It's a list that no government contractor wants to be on: The roster of companies and individuals barred from federal money because they broke the rules. Last month, a new company joined that list after an incident nearly seven years ago in the woods of northern Minnesota.

Garcia Forest Service LLC, a family-owned business based in Rockingham, North Carolina, got a contract from the U.S. Forest Service for brush clearing and tree planting near Tofte, in Superior National Forest. To do the work, the company brought in immigrant workers under the H2-B visa program. Those visas allow companies to import "temporary non-agricultural workers" when "there are not enough U.S. workers who are able, willing, qualified, and available to do the temporary work," according to the U.S. Department of Labor. They contract required workers to be paid $10.98 per hour for clearing brush, and $9.14 for planting seedlings.

Garcia Forest Service had gotten in trouble with the Labor Department before - after it stiffed workers on holiday pay on three federal contracts, the company had been warned in March 2007 that it could lose eligibility for federal money. Perhaps that's why two investigators traveled a few weeks later to the North Woods site to check whether workers were getting what they legally earned.

The investigators found that the company had enlisted one group of workers in a pay system that was supposed to encourage them to work more productively. But the payroll records reflected "wildly inconsistent hours of work" that resulted in minimum wage violations, failure to pay required fringe benefits, overtime and holiday pay, an administrative law judge in Virginia ruled.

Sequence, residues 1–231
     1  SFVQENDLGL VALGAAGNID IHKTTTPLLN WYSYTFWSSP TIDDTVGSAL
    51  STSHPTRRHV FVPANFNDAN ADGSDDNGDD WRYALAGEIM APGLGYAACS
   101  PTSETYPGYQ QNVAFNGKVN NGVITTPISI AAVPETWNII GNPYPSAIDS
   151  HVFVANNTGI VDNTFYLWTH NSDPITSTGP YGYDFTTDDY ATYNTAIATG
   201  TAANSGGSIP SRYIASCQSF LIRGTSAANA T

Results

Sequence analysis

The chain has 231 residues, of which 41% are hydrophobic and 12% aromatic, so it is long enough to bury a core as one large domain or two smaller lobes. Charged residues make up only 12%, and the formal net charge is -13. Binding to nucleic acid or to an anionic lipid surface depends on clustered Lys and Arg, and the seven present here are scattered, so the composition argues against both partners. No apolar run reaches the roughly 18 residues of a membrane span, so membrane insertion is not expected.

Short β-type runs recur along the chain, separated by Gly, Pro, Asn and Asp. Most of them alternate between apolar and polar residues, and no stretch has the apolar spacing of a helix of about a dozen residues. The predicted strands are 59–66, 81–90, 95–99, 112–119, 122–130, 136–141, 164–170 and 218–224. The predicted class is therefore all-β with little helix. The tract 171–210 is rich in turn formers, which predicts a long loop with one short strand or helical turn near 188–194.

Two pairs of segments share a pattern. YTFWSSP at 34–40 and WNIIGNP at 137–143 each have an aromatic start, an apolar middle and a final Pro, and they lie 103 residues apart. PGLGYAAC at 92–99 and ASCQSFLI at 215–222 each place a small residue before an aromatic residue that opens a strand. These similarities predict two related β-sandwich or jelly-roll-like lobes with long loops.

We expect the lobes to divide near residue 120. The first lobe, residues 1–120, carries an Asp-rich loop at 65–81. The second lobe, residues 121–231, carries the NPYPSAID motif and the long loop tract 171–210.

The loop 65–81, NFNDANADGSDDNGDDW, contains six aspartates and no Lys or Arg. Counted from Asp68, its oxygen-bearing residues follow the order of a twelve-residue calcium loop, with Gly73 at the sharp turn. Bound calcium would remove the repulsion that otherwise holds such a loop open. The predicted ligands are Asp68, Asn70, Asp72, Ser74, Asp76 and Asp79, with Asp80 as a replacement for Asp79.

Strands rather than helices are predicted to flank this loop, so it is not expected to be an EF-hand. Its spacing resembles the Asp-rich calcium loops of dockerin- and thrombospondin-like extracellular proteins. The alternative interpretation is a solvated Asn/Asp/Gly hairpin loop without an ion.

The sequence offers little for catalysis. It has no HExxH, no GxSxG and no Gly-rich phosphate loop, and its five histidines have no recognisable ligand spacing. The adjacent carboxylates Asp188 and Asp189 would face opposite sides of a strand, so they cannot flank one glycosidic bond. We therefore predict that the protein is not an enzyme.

The company cooperated with the department and paid 12 workers $27,489 in back wages. Last month, the administrative law judge determined that Garcia Forest Service should be "debarred" from federal contracts for three years.

I've got a call in to Samuel Garcia, the owner of Garcia Forest Service. The situation leaves me with a few big questions, which Labor Department spokesman Scott Allen is working on:

How much was the U.S. Forest Service contract worth?

Why did it take nearly seven years for the company to get debarred?

Did it get any federal contracts in the meantime?

I'll update this blog when I get those answers. Meanwhile, you can download the entire list of debarred federal contractors here.

Photo of Superior National Forest (U.S. Forest Service)

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